Mesa plan alters building code - East Valley Tribune: East Valley Local News

Mesa plan alters building code

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Posted: Saturday, July 5, 2003 4:03 am | Updated: 1:58 pm, Thu Oct 6, 2011.

Mesa’s plan to make it easier and cheaper to fix up old buildings moved one step closer to reality Thursday.

The city’s General Development Committee — a City Council subcommittee — voted 3-0 to adopt a rehabilitation code modeled after one in New Jersey. The full council is expected to adopt the code in September.

Under the rehabilitation code, old buildings would no longer have to meet modern city code requirements. The new code would ease the financial burden on property owners by allowing them to avoid some of the more rigid requirements under Mesa’s building code.

Vice Mayor Dennis Kavanaugh, a committee member, said adopting the code is one of the most important steps the city has ever taken because it will encourage investment in older areas.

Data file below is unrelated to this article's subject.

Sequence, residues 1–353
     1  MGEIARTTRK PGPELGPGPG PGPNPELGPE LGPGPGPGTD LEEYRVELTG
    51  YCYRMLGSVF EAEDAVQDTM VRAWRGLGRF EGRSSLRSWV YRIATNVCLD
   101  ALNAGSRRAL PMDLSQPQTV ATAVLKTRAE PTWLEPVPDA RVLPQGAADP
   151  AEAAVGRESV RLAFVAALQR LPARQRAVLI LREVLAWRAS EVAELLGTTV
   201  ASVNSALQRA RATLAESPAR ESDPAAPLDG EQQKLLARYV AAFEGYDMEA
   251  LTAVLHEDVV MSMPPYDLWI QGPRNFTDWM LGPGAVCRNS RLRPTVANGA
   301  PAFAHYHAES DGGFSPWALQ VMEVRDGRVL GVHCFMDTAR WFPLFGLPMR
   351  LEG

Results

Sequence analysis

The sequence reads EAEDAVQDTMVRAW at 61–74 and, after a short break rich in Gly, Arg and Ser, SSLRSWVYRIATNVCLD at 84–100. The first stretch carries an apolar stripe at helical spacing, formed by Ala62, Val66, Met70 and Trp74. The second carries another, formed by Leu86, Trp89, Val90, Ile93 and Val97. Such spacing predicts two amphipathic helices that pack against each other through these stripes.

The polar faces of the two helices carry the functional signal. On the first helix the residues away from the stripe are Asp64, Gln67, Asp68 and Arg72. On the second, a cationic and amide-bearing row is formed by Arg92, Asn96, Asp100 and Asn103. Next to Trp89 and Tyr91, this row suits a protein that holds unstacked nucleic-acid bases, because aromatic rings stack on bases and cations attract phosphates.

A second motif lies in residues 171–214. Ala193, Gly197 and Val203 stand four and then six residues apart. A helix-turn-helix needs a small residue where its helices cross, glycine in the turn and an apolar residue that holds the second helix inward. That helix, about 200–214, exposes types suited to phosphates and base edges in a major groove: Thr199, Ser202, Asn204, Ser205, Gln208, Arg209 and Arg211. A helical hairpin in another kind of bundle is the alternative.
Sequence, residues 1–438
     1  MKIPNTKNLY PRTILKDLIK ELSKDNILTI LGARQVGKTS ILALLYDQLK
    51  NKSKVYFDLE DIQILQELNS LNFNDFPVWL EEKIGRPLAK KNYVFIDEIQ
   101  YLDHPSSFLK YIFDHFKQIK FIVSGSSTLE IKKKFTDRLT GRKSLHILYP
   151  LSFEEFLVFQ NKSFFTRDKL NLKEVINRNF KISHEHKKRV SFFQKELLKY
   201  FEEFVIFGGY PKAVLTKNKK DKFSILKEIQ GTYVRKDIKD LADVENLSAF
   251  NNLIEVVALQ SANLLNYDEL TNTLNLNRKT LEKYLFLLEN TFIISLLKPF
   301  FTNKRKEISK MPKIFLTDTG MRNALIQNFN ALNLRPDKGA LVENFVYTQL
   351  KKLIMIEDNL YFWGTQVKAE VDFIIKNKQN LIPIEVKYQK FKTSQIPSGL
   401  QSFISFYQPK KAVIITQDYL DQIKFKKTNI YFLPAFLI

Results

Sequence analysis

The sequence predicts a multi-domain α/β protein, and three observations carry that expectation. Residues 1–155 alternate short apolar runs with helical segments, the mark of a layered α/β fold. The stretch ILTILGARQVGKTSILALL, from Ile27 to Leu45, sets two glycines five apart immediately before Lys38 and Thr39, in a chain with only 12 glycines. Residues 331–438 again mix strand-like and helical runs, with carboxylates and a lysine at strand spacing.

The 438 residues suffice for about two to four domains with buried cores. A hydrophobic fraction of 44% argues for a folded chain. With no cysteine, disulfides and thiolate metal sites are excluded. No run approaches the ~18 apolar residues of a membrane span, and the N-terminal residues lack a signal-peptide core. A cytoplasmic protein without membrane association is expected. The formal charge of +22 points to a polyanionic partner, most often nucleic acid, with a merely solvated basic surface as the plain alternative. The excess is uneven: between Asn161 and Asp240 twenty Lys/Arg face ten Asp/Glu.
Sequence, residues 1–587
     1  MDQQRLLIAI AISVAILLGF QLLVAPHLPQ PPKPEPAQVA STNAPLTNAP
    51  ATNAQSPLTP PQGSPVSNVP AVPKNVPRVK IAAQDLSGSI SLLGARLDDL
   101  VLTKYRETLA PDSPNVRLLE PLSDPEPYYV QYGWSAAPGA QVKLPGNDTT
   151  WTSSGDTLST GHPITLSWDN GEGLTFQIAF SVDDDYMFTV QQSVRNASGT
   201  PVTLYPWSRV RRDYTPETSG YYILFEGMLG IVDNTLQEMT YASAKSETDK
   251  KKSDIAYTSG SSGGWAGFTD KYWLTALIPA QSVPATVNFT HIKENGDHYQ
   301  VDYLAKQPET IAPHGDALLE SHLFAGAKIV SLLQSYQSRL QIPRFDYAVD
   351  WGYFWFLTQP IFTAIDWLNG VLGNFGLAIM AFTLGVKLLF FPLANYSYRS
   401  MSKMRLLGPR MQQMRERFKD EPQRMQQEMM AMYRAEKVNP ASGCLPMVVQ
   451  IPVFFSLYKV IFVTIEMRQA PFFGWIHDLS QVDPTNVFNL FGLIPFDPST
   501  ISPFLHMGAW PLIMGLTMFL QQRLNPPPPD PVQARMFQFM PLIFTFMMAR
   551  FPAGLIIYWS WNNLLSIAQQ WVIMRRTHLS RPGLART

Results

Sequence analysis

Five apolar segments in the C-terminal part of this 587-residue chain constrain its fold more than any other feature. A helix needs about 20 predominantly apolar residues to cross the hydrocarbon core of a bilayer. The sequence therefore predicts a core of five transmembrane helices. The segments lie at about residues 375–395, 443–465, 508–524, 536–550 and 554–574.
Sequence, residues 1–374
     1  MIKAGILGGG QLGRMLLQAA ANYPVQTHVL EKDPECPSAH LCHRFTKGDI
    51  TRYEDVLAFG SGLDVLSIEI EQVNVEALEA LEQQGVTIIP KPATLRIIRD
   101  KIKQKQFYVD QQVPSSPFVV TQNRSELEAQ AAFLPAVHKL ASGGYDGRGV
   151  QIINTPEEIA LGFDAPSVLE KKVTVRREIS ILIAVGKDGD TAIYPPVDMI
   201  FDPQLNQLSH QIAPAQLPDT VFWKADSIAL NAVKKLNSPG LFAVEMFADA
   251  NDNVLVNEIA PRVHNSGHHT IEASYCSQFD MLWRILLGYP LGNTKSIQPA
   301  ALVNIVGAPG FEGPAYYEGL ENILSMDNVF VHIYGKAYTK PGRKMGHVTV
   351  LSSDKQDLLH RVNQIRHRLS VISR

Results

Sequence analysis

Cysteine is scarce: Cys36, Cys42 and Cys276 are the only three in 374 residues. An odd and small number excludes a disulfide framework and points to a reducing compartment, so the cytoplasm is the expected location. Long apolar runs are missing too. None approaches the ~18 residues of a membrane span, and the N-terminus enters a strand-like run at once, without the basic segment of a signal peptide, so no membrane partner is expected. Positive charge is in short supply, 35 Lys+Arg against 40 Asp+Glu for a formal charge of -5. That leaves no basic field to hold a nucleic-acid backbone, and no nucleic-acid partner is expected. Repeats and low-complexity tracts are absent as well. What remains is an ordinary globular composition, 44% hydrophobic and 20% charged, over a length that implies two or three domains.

Councilwoman Claudia Walters, also a member of the committee, said the city has worked on developing the code for years.

"I’m nearly giddy about this," Walters said.

Greg Marek, Mesa’s redevelopment director, called the rehabilitation code a "tremendous asset."

Under the current rules, renovators have to ensure old buildings meet new building code requirements if they undertake a major remodeling project. Required changes can include replacing all the building’s wiring and mechanical systems, and altering halls and doorways.

Some owners of centuryold buildings, including many in the downtown area, say the requirements can push the cost of renovations to the point where the project no longer becomes economically viable.

The new code is designed to emphasize safety while recognizing there is only so much an owner can do to change an old building. It would also make it easier for an owner to subdivide a large building, making it easier to parcel out prospective office or retail space.

The code will be especially helpful in downtown, where it is common to find structures between 50 and 100 years old that are designed in ways that make it difficult to attract a new tenant. A number of downtown property owners helped draft the rehabilitation code.

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